There seems to be a missing element in this letter from Theresa Blaising Stevens that gives the writer the affect of being somewhat absent-minded—unless, of course, she is merely following the script of a letter that had been written to her. In that case, her answers here may provide clues as to what the instigation was in the missing message from her daughter-in-law, Agnes Tully Stevens of Chicago. With the exception of her angst over what will become of her in her old age, by page three of Theresa’s letter from her home in Fort Wayne, Indiana, she seems mostly to have settled down to routine replies about the welfare of her grown grandchildren.
Bill, for instance, refers to Agnes’ second-born son, who by the time of this letter had celebrated his seven-year anniversary with his bride, the former Maxine Esther Novy, and had just welcomed his own third-born—his namesake—a few weeks earlier. Edward refers to Agnes’ fourth child, Bill’s next-younger brother, five years into his own marriage and expecting his third child in a matter of weeks; I’ve already introduced him as our revered “Uncle Ed.” Pat, the lone daughter inserted in this all-boy mix between brothers Bill and Ed, though approaching thirty, herself, had yet to be married and still lived with Agnes, though she evidently provided enough action to concern her mother and, by extension, elicit some sage parental advice from her grandmother.
That’s the simplified overview for the second part of this page from Theresa’s letter to her daughter-in-law. The first half of this page, however, requires more detailed explanation, and delves into Theresa’s own roots. The pathos of her thoughts regarding what would possibly become of her in the near future is compounded by the fact that she had no children of her own. Her one step-son, who evidently cared much for her, was now gone. The one remaining step-child, unfortunately, was not on good terms with her, despite living close enough to be able to make a difference. In concern for her own future, Theresa had to reach farther out in the family circle.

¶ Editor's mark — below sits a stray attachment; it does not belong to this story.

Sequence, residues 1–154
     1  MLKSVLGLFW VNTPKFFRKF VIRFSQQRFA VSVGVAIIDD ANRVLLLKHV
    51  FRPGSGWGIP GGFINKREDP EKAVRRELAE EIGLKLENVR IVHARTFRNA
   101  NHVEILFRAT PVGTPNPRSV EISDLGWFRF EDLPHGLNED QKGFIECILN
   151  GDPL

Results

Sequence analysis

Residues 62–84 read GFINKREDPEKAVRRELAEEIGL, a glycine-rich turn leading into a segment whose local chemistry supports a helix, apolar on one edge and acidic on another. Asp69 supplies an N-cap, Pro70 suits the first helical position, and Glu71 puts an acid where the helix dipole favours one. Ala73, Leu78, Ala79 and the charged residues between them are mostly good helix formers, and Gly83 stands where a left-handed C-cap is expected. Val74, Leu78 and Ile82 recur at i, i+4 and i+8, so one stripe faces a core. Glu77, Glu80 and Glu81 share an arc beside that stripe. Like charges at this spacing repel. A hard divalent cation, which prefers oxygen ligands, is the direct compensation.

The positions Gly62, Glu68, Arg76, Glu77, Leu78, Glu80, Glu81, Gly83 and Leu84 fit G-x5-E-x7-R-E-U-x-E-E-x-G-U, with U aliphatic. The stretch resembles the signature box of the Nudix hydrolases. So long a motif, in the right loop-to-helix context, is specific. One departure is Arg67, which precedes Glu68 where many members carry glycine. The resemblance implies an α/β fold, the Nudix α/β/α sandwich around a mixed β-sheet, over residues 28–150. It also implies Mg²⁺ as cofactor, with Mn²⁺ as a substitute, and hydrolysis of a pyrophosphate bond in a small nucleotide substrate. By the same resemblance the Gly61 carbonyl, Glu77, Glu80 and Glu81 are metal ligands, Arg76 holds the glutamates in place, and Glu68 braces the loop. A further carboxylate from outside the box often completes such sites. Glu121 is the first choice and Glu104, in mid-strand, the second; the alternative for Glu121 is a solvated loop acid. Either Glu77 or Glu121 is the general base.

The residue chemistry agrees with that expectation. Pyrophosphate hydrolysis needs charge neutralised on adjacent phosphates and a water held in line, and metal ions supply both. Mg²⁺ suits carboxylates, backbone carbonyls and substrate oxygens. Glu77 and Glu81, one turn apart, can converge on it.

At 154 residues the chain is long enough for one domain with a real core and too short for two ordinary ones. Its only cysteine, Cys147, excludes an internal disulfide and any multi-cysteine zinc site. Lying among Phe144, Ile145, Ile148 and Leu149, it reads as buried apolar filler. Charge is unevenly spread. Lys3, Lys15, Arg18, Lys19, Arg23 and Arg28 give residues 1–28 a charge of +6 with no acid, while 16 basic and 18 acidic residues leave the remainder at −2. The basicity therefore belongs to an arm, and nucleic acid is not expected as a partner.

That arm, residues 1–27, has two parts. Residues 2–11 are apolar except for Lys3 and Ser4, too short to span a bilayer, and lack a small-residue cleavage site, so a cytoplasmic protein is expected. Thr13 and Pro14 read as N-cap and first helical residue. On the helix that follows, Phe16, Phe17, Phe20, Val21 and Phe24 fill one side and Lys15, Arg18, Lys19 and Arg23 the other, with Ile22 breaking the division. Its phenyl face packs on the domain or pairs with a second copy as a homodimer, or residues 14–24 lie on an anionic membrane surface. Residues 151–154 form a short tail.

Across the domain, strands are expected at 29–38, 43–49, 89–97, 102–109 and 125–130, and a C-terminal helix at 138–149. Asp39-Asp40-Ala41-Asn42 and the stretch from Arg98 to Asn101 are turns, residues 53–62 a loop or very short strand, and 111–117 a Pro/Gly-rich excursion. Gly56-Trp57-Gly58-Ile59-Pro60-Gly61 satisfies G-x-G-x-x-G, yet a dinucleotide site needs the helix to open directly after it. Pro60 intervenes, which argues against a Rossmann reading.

Here’s how she put it. We’ll continue with the last lines of the previous page, to provide continuity, and also leave the overwritten “I” from this page’s initial word as a small “i,” as it seems clearer to continue the previous sentence with “if” as the conditional term for taking her house.
I only wish they were different towards you all, because if anything happens to me, it would make things better for all. I always wanted to have Will and you come and take possession of house if I were sick and if you went home and I was in the hospital, to see that things and doors were locked and window blinds down and all that stuff, and then give the keys to Sylvester Blaising as I don’t want Katie to have them. Of course if it were winter the water would have to be all drained and toilets drained, then I don’t know what you would do, unless Aunt Emma Kelly would take you a few days. If it is summer time then any of you can stay in the house as long as you want to stay, but don’t give her the keys. She would run every-thing and would have every-thing. If I only could sell and dispose of things and sell this house and get a small house of about four rooms near church, there was a small house right next to Sylvester’s, only ½ block from church, and only about seven years old, sold about two months ago, but I did not know it was for sale. Celia said she did not know it until it was sold for ($6.500). I did not like the appearance of outside, there was no porch, and was a south frontage, but had venetian blinds and was insulated. Celia said it was darling inside, only five rooms and basement was just swell. I am glad Bill is getting a home of his own. Is this place near you. I figure it is, when you said it was (5925) but you did not say Eggleston. I only wish Edward could find a place also, so they would not have to pay rent, and have nothing but rent receipts at the end of the year. I also hope that Pat has come to the age where she makes up her mind to save a certain sum every month, so she will have a bank account. What would she do if she were sick or injured and had to go to a hospital. Agnes you could not keep up and pay her bills. She ought to take out a big insurance and sick benefit.